41 user 11 critic

Author! Author! (1982)

PG | | Comedy, Drama, Family | 18 June 1982 (USA)
While facing the stress of his play being produced on Broadway, a playwright deals with having to raise his son, his stepdaughters, and his stepsons.




On Disc

at Amazon

Nominated for 1 Golden Globe. Another 1 nomination. See more awards »




Cast overview, first billed only:
Gloria Travalian
Morris Finestein
Patrick Dicker
Jackie Dicker
Eric Gurry ...
Elva Josephson ...
Bonnie (as Elva Leff)
B.J. Barie ...
Benjamin H. Carlin ...
Ken Sylk ...
Roger Slessinger
Lt. Glass
Tony Munafo ...
Officer Kapinsky


Playwright Travalian feels pulled limb from limb these days. He has a Broadway play in rehearsal and they want rewrites. His tramp wife is leaving him, leaving him as well with four children from her previous marriages plus his own son. And his lead actress wants to move in with him but isn't used to kids. Written by Paul Emmons <pemmons@wcupa.edu>

Plot Summary | Add Synopsis


They share the laughter, the love, the frustration... and the bathroom. See more »


PG | See all certifications »




Release Date:

18 June 1982 (USA)  »

Also Known As:

Avec les compliments de l'auteur  »

Box Office

Opening Weekend:

$2,279,260 (USA) (18 June 1982)


$10,576,604 (USA)

Company Credits

Show detailed on  »

Technical Specs


Sound Mix:


Aspect Ratio:

1.85 : 1
See  »

Did You Know?


Of the five children characters, one of them was from Ivan Travalian (Al Pacino's previous marriage and four of them were from Gloria Travalian (Tuesday Weld)'s earlier nuptials. All five children were products of the couple's four previous marriages. See more »


In the theater scene immediately following meeting with Alice, Ivan sports an entirely new hair do. The play's director acknowledges it. Then the very next scene has Ivan exiting the subway station with his old hair do. See more »


Bonnie: Oh good my cheesy I love my cheesy!
Ivan: Bonnie, act your age.
Bonnie: I'm eleven.
Ivan: Act it.
Bonnie: How the hell do you act eleven?
Ivan: That's better.
See more »


References Star Wars: Episode V - The Empire Strikes Back (1980) See more »


Comin' Home To You
Music by Dave Grusin
Lyrics by Alan Bergman and Marilyn Bergman
Performed by Michael Franks
See more »

Frequently Asked Questions

This FAQ is empty. Add the first question.

User Reviews

Pacino Warm and Winning as Father
3 December 2003 | by (highland beach, fl) – See all my reviews

Pacino's characters are always warm, intimate and personal - yes even Michael Corleone - and in this film also sensitive and kind. Here he gets to share those qualities with lucky children whose parents abandon them.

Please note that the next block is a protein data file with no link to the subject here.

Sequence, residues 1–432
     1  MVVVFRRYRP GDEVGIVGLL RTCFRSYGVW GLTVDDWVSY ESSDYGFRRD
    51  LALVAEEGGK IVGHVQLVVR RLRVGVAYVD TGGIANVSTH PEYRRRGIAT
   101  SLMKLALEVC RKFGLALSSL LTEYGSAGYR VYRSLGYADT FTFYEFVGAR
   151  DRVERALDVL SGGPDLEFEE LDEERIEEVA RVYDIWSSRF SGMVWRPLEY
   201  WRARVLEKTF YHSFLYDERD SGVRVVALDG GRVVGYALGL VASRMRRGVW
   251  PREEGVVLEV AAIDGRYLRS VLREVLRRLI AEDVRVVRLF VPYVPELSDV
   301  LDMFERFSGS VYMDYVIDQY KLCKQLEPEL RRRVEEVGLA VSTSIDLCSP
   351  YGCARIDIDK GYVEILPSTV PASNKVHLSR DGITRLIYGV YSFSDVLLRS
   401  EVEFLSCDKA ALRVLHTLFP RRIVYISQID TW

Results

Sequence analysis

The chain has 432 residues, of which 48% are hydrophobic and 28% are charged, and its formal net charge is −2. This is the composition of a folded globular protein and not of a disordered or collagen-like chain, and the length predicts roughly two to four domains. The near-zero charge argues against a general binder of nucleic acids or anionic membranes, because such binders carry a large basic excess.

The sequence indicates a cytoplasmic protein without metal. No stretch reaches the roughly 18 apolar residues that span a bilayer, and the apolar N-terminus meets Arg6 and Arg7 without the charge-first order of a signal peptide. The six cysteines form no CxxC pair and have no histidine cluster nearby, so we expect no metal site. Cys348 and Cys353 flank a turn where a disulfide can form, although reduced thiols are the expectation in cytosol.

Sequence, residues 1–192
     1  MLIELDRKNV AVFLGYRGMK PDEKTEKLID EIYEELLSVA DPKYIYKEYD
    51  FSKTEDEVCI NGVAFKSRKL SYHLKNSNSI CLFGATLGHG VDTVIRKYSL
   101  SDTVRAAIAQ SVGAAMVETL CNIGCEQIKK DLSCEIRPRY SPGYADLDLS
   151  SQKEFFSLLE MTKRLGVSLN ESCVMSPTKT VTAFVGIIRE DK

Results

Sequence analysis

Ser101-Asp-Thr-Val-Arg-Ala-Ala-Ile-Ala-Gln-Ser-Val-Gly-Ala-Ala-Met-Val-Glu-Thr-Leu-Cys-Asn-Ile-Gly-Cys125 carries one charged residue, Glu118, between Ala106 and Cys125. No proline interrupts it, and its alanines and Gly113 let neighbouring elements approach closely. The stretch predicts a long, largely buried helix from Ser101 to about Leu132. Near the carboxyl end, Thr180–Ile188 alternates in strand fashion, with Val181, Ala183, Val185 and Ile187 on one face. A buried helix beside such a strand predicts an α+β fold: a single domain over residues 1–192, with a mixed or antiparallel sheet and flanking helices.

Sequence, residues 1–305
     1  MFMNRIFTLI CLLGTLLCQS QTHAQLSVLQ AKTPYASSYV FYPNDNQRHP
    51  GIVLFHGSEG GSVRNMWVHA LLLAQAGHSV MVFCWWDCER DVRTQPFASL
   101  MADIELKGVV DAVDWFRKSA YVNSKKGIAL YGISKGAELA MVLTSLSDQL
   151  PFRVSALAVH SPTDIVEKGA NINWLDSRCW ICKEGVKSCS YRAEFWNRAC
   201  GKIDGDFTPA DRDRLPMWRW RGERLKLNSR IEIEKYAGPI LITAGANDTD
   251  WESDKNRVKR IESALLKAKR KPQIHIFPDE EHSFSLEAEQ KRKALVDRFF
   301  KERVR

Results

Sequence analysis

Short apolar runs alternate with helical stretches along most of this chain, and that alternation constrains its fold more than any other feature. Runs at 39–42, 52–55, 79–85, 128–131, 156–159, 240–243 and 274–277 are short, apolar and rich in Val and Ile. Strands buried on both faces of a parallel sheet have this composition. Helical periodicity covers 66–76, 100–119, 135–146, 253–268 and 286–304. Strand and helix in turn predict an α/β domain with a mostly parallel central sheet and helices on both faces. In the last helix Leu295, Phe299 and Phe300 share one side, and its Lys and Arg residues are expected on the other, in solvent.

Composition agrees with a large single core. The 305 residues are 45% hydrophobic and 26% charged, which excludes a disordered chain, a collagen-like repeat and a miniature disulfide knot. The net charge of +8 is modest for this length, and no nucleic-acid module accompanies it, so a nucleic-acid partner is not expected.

As a father, he's tough when he needs to be, tender and concerned when he's called on to be and just a big kid when he feels impelled and its appropriate. His character here, as in many of his roles is self-centered if not self-obsessed, and that can drive the adults around him bonkers when they need his attention, but he never lets the children down.

His house evolves into a kind of wayward home - a place to where his ex-wives's children return of their own will because it's the only place they feel wanted comfortable and respected. There they matter as human beings.

Pacino is a playwright and apparently a good one, but he seems less concerned with the art of his craft and more concerned with it being lucrative for the benefit of his now extended family. He's shown to be the only responsible adult in the movie and he's barely hanging on to the coat tails of sanity as it is. The children all seem to have more sense than the adults. With Pacino, they take an us against the world approach to their problems. We root for them, of course, because they're much too important to be ignored and they've got the spunk to insist that they be seen and heard.

The household has a summer camp bunk mate feel. The children have distinct and in some way opposing personalities. Each stands out as special and for the most part there is little conflict. That may be a contrivance or it could be a believable happy accident.

Tuesday Weld, Pacino's estranged wife and the mother (with different fathers) of four of the five children, is the embodiment of the enemy. A selfish, uncaring, unloving mother - oh, they're out there - but she probably also represents society on some level especially at the tail end of the me-decade 70's. Perhaps for the sake of ratings there is no direct reference to drugs or promiscuity, but it ain't a far leap to make to explain the history of the characters.

As at least one other reviewer has said, the film probably works a lot better for people who have lived the kind of life portrayed.

11 of 11 people found this review helpful.  Was this review helpful to you?

Message Boards

Recent Posts
Kids talking like adults lisacamillek
Wow. magenta1000
One of the reasons it's bad. mannix-6
Alternate version on Region 1 DVD modano1973
Song at end of movie. bigedbigelow
DVD release canceled PurpleFalcon
Discuss Author! Author! (1982) on the IMDb message boards »

Contribute to This Page

Create a character page for: